Challah Bread Dressing with Dried Cherries and Goat Cheese

Butternut squash and cherries provide sweetness to this challah bread dressing recipe while tangy goat cheese offers contrast.
Photo by Alexandra Rowley / Styling by Erin Merhar

Courtesy Yvan Lemoine, executive chef, Union Fare, New York City

Cooking dressing separately rather than making stuffing (cooked inside the meat or bird) saves time and ensures that the meat will be evenly cooked. This challah dressing derives sweetness from butternut squash and cherries, which is contrasted by the tangy goat cheese. It also complements the baking-spice flavors of the crown roast.

  • 2 pounds butternut squash (will yield 1½ pounds cooked flesh)
  • 3 cloves garlic, minced
  • 2 tablespoons chopped fresh parsley
  • ½ cup blanched sliced almonds, divided
  • 3 tablespoons olive oil
  • Salt and pepper 
  • 1 pound challah bread, cut into 1-inch cubes
  • 2 cups chicken stock 
  • ½ cup goat cheese
  • 2 tablespoons dried cherries

Preheat oven to 350˚F. Wrap squash in aluminum foil. Bake 1 hour.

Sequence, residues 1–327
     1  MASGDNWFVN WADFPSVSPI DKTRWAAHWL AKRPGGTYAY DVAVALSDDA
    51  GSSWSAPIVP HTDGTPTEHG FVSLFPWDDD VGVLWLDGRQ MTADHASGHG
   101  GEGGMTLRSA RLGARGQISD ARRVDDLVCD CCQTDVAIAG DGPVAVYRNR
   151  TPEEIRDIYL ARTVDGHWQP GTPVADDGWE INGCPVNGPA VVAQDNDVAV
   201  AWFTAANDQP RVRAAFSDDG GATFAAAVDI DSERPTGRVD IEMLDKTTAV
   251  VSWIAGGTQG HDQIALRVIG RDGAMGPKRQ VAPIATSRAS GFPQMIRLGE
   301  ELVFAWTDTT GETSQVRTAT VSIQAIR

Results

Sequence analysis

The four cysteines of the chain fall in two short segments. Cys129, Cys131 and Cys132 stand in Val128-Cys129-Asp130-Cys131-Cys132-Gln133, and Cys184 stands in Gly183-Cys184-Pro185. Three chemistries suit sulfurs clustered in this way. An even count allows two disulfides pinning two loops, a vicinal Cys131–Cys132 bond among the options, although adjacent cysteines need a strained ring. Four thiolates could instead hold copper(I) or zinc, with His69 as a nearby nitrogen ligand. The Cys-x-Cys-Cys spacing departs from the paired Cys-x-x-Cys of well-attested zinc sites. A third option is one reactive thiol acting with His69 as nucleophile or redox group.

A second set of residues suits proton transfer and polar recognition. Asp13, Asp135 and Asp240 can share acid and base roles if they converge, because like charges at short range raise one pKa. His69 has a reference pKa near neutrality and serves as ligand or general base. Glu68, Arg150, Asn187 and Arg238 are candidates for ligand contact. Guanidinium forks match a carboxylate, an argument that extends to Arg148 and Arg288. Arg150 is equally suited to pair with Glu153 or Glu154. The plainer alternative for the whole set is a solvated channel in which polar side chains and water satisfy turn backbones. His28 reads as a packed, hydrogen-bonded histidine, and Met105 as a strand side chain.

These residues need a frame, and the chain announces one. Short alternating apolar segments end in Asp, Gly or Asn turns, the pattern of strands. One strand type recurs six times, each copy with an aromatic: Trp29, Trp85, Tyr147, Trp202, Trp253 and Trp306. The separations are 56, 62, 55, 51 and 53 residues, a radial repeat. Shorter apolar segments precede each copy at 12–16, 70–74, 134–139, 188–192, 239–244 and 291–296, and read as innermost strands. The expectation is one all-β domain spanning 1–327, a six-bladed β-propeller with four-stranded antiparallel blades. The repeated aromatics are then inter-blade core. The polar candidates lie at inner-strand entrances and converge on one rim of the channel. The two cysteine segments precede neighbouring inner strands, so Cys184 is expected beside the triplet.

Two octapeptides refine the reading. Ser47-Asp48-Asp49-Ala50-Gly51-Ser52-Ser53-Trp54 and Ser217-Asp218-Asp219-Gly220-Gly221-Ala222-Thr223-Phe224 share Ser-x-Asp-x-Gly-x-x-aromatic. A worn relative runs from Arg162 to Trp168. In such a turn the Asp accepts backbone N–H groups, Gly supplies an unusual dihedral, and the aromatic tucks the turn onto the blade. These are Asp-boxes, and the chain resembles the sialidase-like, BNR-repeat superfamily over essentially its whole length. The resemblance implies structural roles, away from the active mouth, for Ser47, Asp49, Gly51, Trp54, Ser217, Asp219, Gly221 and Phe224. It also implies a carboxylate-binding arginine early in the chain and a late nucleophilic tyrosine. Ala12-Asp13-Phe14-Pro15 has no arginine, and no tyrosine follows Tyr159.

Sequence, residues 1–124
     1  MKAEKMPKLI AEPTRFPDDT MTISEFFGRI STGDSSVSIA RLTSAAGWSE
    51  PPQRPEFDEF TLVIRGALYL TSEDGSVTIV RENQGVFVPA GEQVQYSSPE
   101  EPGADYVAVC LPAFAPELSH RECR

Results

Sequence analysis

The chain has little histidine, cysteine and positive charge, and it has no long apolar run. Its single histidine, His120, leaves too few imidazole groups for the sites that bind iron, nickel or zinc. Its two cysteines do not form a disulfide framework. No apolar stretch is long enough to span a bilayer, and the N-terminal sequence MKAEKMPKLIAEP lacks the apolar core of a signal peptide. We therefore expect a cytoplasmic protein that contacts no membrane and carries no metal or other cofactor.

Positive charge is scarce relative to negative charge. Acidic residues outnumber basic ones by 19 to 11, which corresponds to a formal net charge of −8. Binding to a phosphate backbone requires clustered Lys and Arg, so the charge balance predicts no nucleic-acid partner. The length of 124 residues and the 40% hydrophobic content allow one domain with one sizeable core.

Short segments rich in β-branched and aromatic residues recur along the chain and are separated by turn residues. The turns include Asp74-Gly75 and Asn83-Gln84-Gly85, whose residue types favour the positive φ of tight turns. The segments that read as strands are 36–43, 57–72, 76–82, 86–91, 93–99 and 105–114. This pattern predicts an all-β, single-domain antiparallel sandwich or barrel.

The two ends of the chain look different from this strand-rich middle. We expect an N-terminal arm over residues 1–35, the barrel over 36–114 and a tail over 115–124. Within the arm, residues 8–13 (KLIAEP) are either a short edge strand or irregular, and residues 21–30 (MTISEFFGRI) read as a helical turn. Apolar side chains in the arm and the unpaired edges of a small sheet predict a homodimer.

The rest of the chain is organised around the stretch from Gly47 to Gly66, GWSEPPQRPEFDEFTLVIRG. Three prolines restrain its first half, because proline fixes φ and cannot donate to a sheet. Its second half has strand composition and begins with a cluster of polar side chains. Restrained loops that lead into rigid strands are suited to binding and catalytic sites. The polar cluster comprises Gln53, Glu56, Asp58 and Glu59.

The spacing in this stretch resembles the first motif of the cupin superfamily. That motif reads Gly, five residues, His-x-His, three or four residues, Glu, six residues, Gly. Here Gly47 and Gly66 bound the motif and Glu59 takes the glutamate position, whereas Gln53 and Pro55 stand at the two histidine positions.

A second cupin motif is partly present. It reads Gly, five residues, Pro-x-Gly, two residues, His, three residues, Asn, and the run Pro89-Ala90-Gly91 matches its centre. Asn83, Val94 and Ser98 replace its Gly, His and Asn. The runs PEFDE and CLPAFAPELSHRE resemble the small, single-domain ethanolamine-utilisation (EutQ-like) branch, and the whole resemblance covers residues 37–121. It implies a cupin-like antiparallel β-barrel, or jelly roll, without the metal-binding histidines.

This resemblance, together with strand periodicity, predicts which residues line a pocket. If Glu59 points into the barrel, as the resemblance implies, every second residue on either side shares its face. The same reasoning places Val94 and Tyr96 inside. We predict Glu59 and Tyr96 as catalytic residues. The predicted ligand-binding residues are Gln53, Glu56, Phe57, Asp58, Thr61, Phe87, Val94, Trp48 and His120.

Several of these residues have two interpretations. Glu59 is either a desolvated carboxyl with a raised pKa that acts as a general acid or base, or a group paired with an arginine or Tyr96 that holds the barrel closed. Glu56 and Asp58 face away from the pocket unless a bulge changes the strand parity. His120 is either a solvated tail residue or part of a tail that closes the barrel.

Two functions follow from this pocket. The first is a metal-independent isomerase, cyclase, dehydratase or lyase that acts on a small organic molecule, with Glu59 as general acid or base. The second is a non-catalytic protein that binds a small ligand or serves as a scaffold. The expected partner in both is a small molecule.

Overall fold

Mix garlic, parsley, ¼ cup almonds and 1 tablespoon olive oil. Season with salt and pepper. Mix together.

Let squash cool enough to handle. Cut in half, remove seeds and cut flesh away from peel. Dice cooked flesh into 1-inch cubes.

Combine bread, squash, chicken stock and garlic mixture in bowl. Mix with hands until stock is absorbed by bread evenly. Do not overmix; leave some big chunks of bread. Season with salt, pepper and a little olive oil.

Coat bottom and sides of casserole dish with 2 tablespoons olive oil. Press mix into dish, smoothing corners. Scatter crumbles of goat cheese on top. Sprinkle with cherries and remaining almonds.

Bake for 30 minutes, or until golden. Serve immediately. Serves 8.

Published on December 12, 2016
About the Author
Mike DeSimone and Jeff Jenssen
Entertaining and Lifestyle Editors

Mike DeSimone and Jeff Jenssen are Wine Enthusiast's Entertaining and Lifestyle Editors. DeSimone tastes wine from Israel and the Mediterranean Basin, while Jenssen tastes wine from Eastern Europe, including the former the Soviet Union and Yugoslavia. Both co-authored Wines of California, Wines of the Southern Hemisphere, and The Fire Island Cookbook. Wine educators and presenters, both gentlemen serve as frequent guests on national and local television. Email:

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